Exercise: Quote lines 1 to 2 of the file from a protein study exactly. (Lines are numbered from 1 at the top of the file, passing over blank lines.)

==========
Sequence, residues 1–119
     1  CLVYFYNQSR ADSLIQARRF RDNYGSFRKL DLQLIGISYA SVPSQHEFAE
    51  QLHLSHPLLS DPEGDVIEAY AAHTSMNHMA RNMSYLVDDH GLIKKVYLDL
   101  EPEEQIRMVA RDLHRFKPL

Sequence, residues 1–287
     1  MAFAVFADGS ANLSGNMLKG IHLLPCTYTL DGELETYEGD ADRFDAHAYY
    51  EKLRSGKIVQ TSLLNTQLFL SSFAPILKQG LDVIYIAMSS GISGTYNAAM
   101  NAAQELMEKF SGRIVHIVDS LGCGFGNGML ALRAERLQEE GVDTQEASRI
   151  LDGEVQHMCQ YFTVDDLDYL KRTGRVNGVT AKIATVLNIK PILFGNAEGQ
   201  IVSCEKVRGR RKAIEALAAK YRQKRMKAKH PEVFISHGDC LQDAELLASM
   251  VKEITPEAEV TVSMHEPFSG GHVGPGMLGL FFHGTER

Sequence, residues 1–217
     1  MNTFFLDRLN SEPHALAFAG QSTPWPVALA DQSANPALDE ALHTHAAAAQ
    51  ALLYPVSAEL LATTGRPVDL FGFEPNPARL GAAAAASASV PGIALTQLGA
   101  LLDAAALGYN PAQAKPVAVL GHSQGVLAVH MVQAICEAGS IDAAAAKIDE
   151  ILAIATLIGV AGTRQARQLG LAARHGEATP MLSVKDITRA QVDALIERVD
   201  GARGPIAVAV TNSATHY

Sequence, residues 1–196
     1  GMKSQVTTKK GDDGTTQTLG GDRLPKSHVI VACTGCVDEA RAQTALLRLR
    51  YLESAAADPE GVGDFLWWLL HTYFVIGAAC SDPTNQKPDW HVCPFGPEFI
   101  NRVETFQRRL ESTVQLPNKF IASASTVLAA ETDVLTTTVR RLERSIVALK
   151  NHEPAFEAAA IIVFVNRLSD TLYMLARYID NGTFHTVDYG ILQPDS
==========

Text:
Sequence, residues 1–119
     1  CLVYFYNQSR ADSLIQARRF RDNYGSFRKL DLQLIGISYA SVPSQHEFAE